the Smithsonian's National Museum of American History recognised Docutel and Wetzel as the inventors of the networked ATM. especially those which benefit from a fully integrated cross-bank ATM network (e. Both the DACS and MD2 accepted only a single-use token or voucher which was retained by the machine while the Speytec worked with a card with a magnetic stripe at the back. It had a profound influence on the industry as a whole. Sean Benjamin Newcombe & Malcom David Roe. by Donald Wetzel who was a department head at an automated baggage-handling company called Docutel. The 2984 CIT (Cash Issuing Terminal) was the first true Cashpoint. A small number of 2984s were supplied to a US bank. The essence of this system was that is it enabled the verification of the customer with the debited account without human intervention.g. All were online and issued a variable amount which was immediately deducted from the account. Cashpoint is still a registered trademark of Lloyds TSB in the UK. Texas.Perkins. This patent is also the earliest instance of a complete “currency dispenser system” in the patent record. such as: . Hence all this these worked on various principles including Carbon-14 and low-coercivity magnetism in order to make fraud more difficult.: Multibanco in Portugal). ATMs include many functions which are not directly related to the management of one's own bank account. Not only did future entrants into the cash dispenser market as both NCR Corporation and IBM licence Goodfellow’s PIN system. Peter Lee Chappell. In some countries. The idea of a PIN stored on the card was developed by a British engineer working in the MD2 named James Goodfellow in 1965 (patent GB1197183 filed on 2 May 2. the IBM 2984 was designed at the request of Lloyds Bank. Diebold 10xx and TABS 9000 series. Alternative uses Although ATMs were originally developed as just cash dispensers. they have evolved to include many other bank-related functions. 1966 with Anthony Davies). but a number of later patents references this patent as “Prior Art Device” [12]. similar in function to today's machines. Notable historical models of ATMs include the IBM 3624 and 473x series. and NCR 50xx series. In 1995.[13] ATMs first came into use in December 1972 in the UK. This patent was filled on 5 March 1968 in the USA (US 3543904) and granted on 1 December 1970. in 1968 the networked ATM was pioneered in Dallas. After looking first hand at the experiences in Europe. John Henry Donald.

     Games and promotional features Donating to charities Cheque Processing Module Adding pre-paid cell phone / mobile phone credit.  Deposit currency recognition. social security. fees. legal fees. taxes.)     Printing bank statements Updating passbooks Loading monetary value into stored value cards Purchasing       Postage stamps. ATMs can also act as an advertising channel for companies to advertise their own products or third-party products and services. Lottery tickets Train tickets Concert tickets Movie tickets Shopping mall gift certificates. acceptance. etc. Manufacturers have demonstrated and have deployed several different technologies on ATMs that have not yet reached worldwide acceptance. and taxes (utilities. The Interac shared cash network does not allow for the selling of goods from ATMs due to specific security requirements for PIN entry when buying goods. Increasingly banks are seeking to use the ATM as a sales device to deliver pre approved loans and targeted advertising using products such as ITM (the Intelligent Teller Machine) from CR2 or Aptra Relate from NCR. ATMs are called guichets automatiques in French and sometimes "Bank Machines" in English. and recycling Paying routine bills. In Canada. CIBC machines in Canada are able to top-up the minutes on certain pay as you go phones. phone bills. Paying (in full or partially) the credit balance on a card linked to a specific current account. such as: .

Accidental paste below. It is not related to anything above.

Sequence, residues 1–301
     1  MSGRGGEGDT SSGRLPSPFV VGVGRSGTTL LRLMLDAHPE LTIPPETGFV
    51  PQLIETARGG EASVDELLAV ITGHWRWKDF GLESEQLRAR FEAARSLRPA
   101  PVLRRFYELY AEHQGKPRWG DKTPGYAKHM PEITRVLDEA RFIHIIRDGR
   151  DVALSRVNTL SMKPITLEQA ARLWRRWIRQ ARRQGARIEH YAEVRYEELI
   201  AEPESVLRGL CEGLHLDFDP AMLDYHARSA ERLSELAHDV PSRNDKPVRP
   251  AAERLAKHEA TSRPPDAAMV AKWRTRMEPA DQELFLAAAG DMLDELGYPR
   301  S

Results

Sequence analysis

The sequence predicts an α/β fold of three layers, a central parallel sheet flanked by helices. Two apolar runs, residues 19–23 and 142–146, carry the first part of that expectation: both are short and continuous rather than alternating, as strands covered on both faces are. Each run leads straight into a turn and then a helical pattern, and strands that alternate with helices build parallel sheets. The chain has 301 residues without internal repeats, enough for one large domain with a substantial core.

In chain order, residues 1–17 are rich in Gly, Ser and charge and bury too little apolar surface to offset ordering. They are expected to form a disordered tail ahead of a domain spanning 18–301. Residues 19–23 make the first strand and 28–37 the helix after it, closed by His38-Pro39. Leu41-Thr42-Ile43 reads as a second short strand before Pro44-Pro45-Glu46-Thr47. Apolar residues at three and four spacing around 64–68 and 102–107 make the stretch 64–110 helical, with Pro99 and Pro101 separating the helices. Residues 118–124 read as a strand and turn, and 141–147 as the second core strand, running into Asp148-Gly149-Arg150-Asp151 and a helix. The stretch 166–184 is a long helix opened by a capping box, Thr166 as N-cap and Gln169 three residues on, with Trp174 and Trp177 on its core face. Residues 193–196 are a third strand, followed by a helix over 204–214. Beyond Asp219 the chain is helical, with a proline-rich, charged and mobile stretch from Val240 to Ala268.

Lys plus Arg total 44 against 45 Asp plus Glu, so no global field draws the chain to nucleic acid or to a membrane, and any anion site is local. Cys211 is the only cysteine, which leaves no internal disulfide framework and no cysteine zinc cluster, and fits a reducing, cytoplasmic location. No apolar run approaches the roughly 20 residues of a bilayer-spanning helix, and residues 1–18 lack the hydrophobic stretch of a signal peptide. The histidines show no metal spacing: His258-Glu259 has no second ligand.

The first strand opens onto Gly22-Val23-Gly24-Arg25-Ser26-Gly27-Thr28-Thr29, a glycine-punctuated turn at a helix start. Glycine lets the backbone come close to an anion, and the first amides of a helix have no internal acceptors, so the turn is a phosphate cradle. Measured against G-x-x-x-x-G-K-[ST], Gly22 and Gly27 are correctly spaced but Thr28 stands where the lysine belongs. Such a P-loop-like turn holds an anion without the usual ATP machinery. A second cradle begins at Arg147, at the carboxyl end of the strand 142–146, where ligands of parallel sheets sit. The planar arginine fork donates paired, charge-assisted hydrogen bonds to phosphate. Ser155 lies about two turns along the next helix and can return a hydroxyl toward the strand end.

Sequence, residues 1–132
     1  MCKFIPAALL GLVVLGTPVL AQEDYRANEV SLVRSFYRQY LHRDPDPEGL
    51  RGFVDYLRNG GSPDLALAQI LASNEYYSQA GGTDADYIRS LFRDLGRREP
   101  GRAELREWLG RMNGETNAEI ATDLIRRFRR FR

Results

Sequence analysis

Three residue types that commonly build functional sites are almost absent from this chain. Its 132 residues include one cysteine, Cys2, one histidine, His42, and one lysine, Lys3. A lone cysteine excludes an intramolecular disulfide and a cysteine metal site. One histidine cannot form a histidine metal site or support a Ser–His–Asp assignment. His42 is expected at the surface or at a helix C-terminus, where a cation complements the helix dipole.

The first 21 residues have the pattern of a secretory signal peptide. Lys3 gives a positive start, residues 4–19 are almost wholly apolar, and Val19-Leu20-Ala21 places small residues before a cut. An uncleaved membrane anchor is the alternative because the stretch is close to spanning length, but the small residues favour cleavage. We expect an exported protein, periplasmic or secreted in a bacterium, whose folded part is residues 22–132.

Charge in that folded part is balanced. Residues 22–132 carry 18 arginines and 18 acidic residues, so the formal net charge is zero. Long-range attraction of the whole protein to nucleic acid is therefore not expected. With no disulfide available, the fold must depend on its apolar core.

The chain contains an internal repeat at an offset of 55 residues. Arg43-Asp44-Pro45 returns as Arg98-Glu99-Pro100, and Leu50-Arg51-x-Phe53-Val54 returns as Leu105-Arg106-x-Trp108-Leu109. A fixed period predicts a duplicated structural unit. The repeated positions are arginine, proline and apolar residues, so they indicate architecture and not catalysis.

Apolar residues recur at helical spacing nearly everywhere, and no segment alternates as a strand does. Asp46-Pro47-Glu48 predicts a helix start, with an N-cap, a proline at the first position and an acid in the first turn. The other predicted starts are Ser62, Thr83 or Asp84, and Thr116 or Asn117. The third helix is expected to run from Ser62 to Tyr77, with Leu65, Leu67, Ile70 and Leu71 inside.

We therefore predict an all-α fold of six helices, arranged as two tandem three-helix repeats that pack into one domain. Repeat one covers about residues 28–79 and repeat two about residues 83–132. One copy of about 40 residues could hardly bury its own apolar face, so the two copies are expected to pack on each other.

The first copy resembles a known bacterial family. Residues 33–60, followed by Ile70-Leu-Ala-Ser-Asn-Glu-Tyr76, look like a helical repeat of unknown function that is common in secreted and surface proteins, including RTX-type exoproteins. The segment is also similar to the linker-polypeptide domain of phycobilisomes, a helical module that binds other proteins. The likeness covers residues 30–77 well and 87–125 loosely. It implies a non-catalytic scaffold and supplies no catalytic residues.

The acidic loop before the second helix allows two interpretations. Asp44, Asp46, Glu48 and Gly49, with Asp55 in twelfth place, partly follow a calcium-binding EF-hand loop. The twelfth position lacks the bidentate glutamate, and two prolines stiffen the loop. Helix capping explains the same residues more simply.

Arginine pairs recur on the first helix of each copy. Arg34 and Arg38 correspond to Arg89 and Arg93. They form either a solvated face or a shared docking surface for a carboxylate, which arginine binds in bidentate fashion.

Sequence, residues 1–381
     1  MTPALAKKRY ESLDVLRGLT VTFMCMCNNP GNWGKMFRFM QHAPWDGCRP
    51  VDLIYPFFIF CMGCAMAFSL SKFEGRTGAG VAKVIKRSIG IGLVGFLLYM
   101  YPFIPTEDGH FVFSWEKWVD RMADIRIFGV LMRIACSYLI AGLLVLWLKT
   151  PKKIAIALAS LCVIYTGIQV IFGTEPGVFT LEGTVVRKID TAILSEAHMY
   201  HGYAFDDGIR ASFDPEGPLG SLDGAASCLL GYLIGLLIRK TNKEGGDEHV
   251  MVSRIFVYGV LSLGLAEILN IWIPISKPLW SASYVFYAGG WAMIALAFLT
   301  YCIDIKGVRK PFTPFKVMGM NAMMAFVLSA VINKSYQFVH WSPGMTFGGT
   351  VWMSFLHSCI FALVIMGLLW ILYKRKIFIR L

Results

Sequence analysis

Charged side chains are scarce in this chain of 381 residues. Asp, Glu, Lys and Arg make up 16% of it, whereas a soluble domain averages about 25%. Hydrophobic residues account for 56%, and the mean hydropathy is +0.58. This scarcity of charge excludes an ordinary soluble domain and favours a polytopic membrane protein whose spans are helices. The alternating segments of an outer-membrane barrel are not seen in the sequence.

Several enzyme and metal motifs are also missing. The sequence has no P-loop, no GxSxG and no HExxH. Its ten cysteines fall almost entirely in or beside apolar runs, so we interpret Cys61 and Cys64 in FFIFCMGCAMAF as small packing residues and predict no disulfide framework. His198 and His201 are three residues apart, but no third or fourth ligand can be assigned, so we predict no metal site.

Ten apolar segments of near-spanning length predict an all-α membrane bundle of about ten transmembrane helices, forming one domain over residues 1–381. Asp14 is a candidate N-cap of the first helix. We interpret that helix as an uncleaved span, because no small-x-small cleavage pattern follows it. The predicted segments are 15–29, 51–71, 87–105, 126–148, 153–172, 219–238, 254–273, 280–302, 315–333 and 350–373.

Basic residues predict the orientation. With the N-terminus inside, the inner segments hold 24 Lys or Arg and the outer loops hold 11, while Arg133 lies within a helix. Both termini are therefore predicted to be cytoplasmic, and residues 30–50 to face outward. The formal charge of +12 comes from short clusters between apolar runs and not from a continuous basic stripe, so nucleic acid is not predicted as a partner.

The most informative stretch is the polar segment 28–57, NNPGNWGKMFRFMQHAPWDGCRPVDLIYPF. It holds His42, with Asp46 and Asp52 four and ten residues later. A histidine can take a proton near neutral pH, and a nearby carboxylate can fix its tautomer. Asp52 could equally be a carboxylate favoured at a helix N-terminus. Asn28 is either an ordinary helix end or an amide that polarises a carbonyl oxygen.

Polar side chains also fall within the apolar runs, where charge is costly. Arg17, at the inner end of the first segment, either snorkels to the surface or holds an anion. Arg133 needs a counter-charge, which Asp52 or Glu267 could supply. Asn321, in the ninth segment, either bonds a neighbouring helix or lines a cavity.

Biometrics. traveler's cheques. etc. face. iris.)     Dispensing additional media (such as phone cards) Co-ordination of ATMs with mobile phones Customer-specific advertising Integration with non-banking equipment .  Cheque/Cash Acceptance. where authorization of transactions is based on the scanning of a customer's fingerprint. Biometrics on ATMs can be found in Asia.    Bar code scanning On-demand printing of "items of value" (such as movie tickets. etc. where the ATM accepts and recognise cheques and/or currency without using envelopes.